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Precision Medicine for Heart Failure: using "omics" technologies to find the road to personalized care

Disclosure: Lavine: none, Canter: none
Pub Date: Thursday, Sep. 12, 2019
Author: Kory J. Lavine MD, PhD1, Charles E. Canter, MD2
Affiliation:

  1. Departments of Medicine, Developmental Biology, Immunology and Pathology, Washington University School of Medicine
  2. Departments Pediatrics, Washington University School of Medicine

View the full Science News coverage for Heart Failure in the Era of Precision Medicine

Citation

Cresci S, Pereira NL, Ahmad F, Byku M, de las Fuentes L, Lanfear DE, Reilly CM, Owens AT, Wolf MJ, on behalf of the American Heart Association Council on Genomic and Precision Medicine, Council on Cardiovascular and Stroke Nursing, and Council on Quality of Care and Outcomes Research. Heart failure in the era of precision medicine: a scientific statement from the American Heart Association [published online ahead of issue September 12, 2019]. Circ Genom Precis Med. 2019,12:e000058. doi: 10.1161/HCG.0000000000000058.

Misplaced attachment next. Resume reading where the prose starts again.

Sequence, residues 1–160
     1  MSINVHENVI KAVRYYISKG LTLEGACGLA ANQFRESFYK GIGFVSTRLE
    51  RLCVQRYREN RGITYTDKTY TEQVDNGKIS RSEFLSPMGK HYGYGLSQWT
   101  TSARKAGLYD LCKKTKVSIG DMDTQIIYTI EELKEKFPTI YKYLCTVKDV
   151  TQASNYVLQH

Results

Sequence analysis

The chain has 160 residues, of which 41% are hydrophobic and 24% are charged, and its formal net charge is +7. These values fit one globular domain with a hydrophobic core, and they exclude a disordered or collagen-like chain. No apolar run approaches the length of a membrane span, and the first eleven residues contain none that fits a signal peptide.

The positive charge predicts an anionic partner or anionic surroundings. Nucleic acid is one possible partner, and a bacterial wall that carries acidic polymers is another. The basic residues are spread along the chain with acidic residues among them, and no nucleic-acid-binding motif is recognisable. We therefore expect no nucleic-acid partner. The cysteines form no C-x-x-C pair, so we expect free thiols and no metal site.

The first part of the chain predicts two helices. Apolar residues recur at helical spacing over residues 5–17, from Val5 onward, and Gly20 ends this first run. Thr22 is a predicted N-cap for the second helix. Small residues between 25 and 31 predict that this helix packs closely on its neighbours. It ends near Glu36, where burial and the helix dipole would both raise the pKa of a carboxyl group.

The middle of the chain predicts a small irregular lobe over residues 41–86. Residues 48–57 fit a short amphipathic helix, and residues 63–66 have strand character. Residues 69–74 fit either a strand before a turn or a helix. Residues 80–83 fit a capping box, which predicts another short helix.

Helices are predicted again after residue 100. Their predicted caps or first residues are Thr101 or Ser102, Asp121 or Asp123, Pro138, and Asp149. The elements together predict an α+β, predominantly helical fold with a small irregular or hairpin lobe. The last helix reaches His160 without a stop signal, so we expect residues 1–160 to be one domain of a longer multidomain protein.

Article Text

Precision and personalized approaches to health care hold incredible promise to improve patient outcomes across the spectrum of health care disciplines. The overarching vision of precision medicine is to employ diagnostic and tailored therapeutic strategies to identify and treat disease at the individual patient level targeting specific mechanisms and/or pathways that govern the pathogenesis of each person’s disease. Today, precision medicine paradigms are routinely integrated into the care of cancer patients and have provided substantial increases in cancer free survival. These advancements were fueled by translational studies investigating genetic, epigenetic, transcriptional, proteomic, and metabolomic signatures within the tumor that drive disease progression and predict individual responses to standard and targeted chemotherapy regimens1.

Over the past several decades, the cardiovascular and heart failure fields have embarked on a very different path. The prevailing focus has centered on identifying common factors that contribute to the progression of prevalent syndromes, including heart failure. These initiatives have formed the basis of our current approach to patient care, which is generally agnostic to the underlying cause of an individual’s disease. For example, patients diagnosed with heart failure are offered essentially identical treatments regardless of whether their disease was caused by coronary artery disease, genetic mutations, or autoinflammatory processes. While this “one-size-fits-all’ approach has led to improvements in clinical outcomes when large populations are examined, individual response rates vary tremendously, and it is often difficult to distinguish patients who will achieve a favorable response from those who will experience disease progression and ultimately succumb to their illness. Consequently, many individuals are left inadequately treated and substantial room for improvement exists.